forward and reflectively (think about itself thinking).and lower-order thoughts. and it is roughly an image of the effect of an image (perhaps even this one) on our optical system. The higher-order thought attending the mental state of a ‘reflection of a reflection’ is a third higher-order thought.14 This analogy. A HOT can be seen as a mirror reflecting the image of the lower-order thought. however. Using a system of analogies we can think of the retinal image as a HOT. Phenomenologically. the retina is part of my body but it seems important to maintain the difference between it and the reflection upon it. it must be said. the reflexive movement of the eye watching a mirror image of the eye is only deceptively simple. is the product of a third-order thought about two lower. which we logically infer “The entire philosophy of noetics. inherently within this action. there is the possibility of using the retinal image and its relationship to the object of sight as an analogy for the relationship between higher. providing consciousness with a brief yet distinct experience of coemergence or circularity. 14 Similarly. and we can imagine Figure 1. the lower-order thought is reflected in the HOT while at the same time the possibility of their distinct natures is preserved. 1). while taking a lower-order state as its target? One does not literally look at one’s eye in a mirror. Higher-order thought considering the diagram of vision is especially interesting because. but at the mirror image of one’s eye. the Kantian phenomenon. Hegelian phenomenology. I am in fact only referencing the philosophy of reflection and its methods. and this is also a third-order thought. more complex than is immediately apparent because the diagram is also represented as the object of the observer’s gaze. Figure 1 is. We can see what we are seeing and this guides us. If we had a HOT attending that viewing. and the object of sight (which the retinal image is a reflection of) as the lower-order thought. 14 13 . In using the mechanics of sight as an extended metaphor for the production and organization of conscious states. including the Platonic idea. and this would be a reflection of a reflection (although the retinal image is turned upside down). The diagram produces a higher-order thought about what we are looking at because it reminds us of our looking. The diagram appears to reflect our retinal image and our envisioning of it. Lockean sensational noetics. occurent mental states. as we tend to view the reflected eye with a first-order thought due mainly to habit. Sartrean opacity and much else is inextricably involved with thinking in intellection by analogy with vision” (Ong 1982: 135). Looking at the figure looking at his optical apparatus makes me conscious of myself looking.13 It is possible for us to imagine our current retinal image. in fact. Thus. The advantage of using this physical analogy for a mental process is that it allows us to bypass the intrinsicality or extrinsicality of the HOT and the lower-order thought by depicting the former as something which bears the image of the latter. such as the one published by Descartes in La Dioptrique. 1637 (Fig.Something of this sort comes into play during the visual inspection of a printed diagram showing the visual apparatus. Can a third-order thought allow the second higher-order thought of Figure 1 to ‘look at itself looking’. Cartesian clarity and distinctiveness. we could imagine what is reflected in the retinal image that receives the image of reflection.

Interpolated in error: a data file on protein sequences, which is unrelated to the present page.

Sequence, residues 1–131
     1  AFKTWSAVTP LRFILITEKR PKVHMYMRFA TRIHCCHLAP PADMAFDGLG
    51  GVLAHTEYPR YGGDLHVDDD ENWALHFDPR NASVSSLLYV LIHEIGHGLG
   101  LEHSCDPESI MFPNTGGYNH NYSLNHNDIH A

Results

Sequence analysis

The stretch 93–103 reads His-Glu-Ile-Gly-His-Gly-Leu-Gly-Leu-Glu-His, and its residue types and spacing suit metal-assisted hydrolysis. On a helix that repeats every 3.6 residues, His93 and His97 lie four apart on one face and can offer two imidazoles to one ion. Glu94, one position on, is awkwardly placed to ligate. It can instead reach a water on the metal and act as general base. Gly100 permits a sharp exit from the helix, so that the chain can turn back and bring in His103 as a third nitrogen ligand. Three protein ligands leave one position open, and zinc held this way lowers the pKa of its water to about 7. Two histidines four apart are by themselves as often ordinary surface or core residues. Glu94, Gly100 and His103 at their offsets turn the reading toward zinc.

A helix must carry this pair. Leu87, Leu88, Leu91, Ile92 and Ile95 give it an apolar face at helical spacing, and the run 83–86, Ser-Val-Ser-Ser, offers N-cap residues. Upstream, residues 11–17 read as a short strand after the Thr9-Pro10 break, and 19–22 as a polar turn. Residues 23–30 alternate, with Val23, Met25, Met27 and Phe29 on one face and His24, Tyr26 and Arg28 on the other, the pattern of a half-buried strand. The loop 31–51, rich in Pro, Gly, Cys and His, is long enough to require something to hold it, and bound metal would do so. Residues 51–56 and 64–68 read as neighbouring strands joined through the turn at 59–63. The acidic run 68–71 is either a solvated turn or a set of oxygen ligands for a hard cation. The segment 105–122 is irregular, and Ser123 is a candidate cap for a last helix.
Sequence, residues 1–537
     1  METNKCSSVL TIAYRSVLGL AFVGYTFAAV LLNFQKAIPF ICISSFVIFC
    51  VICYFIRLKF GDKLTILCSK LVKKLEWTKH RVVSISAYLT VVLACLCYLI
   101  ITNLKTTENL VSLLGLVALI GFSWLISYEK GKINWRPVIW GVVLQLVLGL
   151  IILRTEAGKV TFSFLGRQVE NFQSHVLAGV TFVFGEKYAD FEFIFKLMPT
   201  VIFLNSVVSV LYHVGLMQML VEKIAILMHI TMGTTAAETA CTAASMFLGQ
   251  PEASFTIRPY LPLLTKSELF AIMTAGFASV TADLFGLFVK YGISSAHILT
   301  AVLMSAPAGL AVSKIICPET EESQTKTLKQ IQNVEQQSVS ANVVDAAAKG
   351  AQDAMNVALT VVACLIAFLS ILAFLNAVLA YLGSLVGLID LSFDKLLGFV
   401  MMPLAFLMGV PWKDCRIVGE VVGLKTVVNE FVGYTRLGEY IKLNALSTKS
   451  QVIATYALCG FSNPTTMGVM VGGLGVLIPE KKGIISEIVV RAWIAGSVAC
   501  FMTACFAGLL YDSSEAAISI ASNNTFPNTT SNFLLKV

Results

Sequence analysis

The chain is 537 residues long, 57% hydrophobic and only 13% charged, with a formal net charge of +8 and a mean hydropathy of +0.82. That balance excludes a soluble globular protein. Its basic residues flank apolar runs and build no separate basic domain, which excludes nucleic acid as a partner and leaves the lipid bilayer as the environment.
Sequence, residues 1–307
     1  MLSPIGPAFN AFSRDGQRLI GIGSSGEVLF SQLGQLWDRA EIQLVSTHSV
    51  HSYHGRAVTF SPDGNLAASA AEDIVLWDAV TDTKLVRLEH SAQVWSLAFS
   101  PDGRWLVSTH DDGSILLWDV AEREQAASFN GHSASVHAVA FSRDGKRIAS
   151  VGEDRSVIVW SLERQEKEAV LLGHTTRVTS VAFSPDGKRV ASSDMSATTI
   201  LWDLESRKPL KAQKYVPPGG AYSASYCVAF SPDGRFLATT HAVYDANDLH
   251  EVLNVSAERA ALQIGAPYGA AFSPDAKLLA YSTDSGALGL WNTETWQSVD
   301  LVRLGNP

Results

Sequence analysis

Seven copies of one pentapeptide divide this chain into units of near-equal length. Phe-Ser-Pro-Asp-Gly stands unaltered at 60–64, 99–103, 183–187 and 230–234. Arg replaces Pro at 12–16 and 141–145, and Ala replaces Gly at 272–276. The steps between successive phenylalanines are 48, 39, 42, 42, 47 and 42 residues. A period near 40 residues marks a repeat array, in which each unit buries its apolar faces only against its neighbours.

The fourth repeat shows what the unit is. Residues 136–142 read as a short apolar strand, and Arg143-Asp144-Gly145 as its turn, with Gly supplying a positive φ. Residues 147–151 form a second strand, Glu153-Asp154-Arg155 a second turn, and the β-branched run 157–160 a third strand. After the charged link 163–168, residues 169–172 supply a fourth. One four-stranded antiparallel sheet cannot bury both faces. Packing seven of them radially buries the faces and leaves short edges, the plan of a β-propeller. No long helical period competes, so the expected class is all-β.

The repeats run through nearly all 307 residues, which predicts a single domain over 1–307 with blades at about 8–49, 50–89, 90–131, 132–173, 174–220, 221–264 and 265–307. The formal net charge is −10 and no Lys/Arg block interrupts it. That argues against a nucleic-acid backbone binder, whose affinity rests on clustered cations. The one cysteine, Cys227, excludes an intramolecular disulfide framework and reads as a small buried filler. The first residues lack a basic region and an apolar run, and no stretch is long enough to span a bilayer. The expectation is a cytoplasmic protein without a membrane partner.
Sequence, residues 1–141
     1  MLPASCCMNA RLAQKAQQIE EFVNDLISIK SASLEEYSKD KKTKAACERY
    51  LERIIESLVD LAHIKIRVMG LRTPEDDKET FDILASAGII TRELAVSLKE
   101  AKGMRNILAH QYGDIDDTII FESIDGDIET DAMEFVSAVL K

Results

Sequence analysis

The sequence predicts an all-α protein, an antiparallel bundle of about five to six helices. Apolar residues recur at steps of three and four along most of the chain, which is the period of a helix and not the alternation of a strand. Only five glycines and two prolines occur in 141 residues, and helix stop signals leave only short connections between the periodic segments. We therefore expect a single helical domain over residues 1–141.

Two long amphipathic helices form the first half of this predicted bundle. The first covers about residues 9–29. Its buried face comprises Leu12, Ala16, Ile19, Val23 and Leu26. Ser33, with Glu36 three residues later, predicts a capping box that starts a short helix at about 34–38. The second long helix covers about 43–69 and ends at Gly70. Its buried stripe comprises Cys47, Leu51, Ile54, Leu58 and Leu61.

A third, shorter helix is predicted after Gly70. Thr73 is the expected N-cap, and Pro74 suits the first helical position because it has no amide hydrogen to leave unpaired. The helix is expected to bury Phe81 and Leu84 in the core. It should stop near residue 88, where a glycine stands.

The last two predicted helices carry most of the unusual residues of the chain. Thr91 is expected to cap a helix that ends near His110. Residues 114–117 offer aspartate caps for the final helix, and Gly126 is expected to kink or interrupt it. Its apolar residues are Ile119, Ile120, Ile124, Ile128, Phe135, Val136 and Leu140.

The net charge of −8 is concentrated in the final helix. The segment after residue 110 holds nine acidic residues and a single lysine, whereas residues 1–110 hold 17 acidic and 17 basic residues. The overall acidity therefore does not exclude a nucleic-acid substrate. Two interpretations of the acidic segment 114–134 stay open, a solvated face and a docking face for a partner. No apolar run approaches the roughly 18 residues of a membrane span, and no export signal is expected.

It not only provides consciousness of another area of perception within a system of perceptions. the Las Meninas in the Prado. In Las Meninas these various processes involved in sight watched are multiplied many times over. The frame of the doorway doubles as a picture frame. who at some stage presumably stepped back from his creation to see an image of himself looking—the ultimate ‘sight watched’. Our imagination of the retinal image and pictorial inspection cooperate to create a heightened sense of self-consciousness. We know he has the power to look over Velasquez’s shoulder to reveal the subject of the canvas (and this increases our curiosity in that direction). In addition to filtering with his body the light from the doorway. perhaps meaning that he introduces with the door the potential rhythm of an on/off switch. setting up a picture-in-a-picture that duplicates the internalization of the reflected image in his eye and appears to mimic what is happening when we look at the picture. is an encounter where the internal appears externalized. in both the organization of consciousness attending the visual process of inspecting a diagram of the retinal image and the diagram itself. is reflected into our internal optical apparatus. but he can also see us. the viewers. I have shown. This glossy painting. Las Meninas still provides the viewer with the privileged vantage point inherited from Renaissance art. The added interest is how this organization of consciousness logically becomes more involved when we consider that the retinal image we have of the retinal image suggested in the diagram serves as both an analogy and an actualization of a third-order thought about the higher-order thought it takes as its target. The figure is a gatekeeper marking a threshold from the inner to the outer limit of visibility. And indeed in a sense it was. I imagine that inside my retinal reflection a small Velasquez is shown staring back and out again to its source. In this sense alone. the reversed canvas.to be reflected on his retina. In Figure 1. Foucault refers to this figure as a ‘pendulum’. in Table 1 and the various transitions from frame to frame which mark the stages of a line of thought. Like us. a body which seems ensconced in the thought of the frame. an observer in the diagram looks at an image and appears. When I look at Las Meninas after all these years I am still struck by its lustrous surface. and I often find it tempting to imagine my retinal reflection of it while I am looking at it. but also neatly frames the human form. Some of this omniscience is challenged. He seems to turn to leave the scene of the painting. however. by the point of view of the dark figure in the background. external to our bodies. whatever commentators say about its unconventional nature. of course. where the painting seems to leave its final trace before vanishing completely. this figure signifies the concept of distance and a contrast in scale. 15 . at least outwardly. Madrid. has so much about it that reminds one of a mirror reflection. at least for the artist. to mimic our visual inspection. the royal couple seem to have the whole gallery of frames set out before them barring. This makes us aware of what might be reflected on our retina while looking at this image. What we have in common. that we can see the framed areas in Las Meninas from the point of view of the king and queen of Spain. which may nevertheless be accessible to them via the mirror reflection. And yet this image. The depicted observer makes the image appear as his. in which the artist is shown peering out at us.